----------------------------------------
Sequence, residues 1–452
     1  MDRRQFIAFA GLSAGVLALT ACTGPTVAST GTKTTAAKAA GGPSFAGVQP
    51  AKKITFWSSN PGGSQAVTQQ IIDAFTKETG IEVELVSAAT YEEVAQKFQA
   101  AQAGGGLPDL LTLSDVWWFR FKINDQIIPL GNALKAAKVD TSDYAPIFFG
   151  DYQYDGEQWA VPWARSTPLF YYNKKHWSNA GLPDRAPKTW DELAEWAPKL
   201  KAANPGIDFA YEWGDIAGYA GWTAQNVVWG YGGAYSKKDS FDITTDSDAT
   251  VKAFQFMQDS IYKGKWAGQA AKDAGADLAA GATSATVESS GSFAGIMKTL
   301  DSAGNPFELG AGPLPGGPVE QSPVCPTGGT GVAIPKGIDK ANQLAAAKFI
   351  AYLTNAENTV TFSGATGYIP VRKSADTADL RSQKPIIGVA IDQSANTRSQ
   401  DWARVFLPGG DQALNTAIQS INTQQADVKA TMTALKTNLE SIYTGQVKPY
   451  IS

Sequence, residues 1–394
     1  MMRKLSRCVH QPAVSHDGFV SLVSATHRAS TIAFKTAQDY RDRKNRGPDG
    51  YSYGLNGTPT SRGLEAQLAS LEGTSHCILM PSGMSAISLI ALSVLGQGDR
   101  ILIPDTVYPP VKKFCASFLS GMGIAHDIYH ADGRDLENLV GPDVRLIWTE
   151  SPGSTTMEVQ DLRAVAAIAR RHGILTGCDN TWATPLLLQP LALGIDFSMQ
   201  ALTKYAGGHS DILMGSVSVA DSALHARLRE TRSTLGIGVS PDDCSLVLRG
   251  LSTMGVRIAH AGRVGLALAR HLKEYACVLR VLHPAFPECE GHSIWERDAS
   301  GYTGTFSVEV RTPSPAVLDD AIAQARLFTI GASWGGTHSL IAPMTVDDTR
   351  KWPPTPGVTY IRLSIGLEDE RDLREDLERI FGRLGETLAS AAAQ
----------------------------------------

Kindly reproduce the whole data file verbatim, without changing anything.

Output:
Sequence, residues 1–452
     1  MDRRQFIAFA GLSAGVLALT ACTGPTVAST GTKTTAAKAA GGPSFAGVQP
    51  AKKITFWSSN PGGSQAVTQQ IIDAFTKETG IEVELVSAAT YEEVAQKFQA
   101  AQAGGGLPDL LTLSDVWWFR FKINDQIIPL GNALKAAKVD TSDYAPIFFG
   151  DYQYDGEQWA VPWARSTPLF YYNKKHWSNA GLPDRAPKTW DELAEWAPKL
   201  KAANPGIDFA YEWGDIAGYA GWTAQNVVWG YGGAYSKKDS FDITTDSDAT
   251  VKAFQFMQDS IYKGKWAGQA AKDAGADLAA GATSATVESS GSFAGIMKTL
   301  DSAGNPFELG AGPLPGGPVE QSPVCPTGGT GVAIPKGIDK ANQLAAAKFI
   351  AYLTNAENTV TFSGATGYIP VRKSADTADL RSQKPIIGVA IDQSANTRSQ
   401  DWARVFLPGG DQALNTAIQS INTQQADVKA TMTALKTNLE SIYTGQVKPY
   451  IS

Sequence, residues 1–394
     1  MMRKLSRCVH QPAVSHDGFV SLVSATHRAS TIAFKTAQDY RDRKNRGPDG
    51  YSYGLNGTPT SRGLEAQLAS LEGTSHCILM PSGMSAISLI ALSVLGQGDR
   101  ILIPDTVYPP VKKFCASFLS GMGIAHDIYH ADGRDLENLV GPDVRLIWTE
   151  SPGSTTMEVQ DLRAVAAIAR RHGILTGCDN TWATPLLLQP LALGIDFSMQ
   201  ALTKYAGGHS DILMGSVSVA DSALHARLRE TRSTLGIGVS PDDCSLVLRG
   251  LSTMGVRIAH AGRVGLALAR HLKEYACVLR VLHPAFPECE GHSIWERDAS
   301  GYTGTFSVEV RTPSPAVLDD AIAQARLFTI GASWGGTHSL IAPMTVDDTR
   351  KWPPTPGVTY IRLSIGLEDE RDLREDLERI FGRLGETLAS AAAQ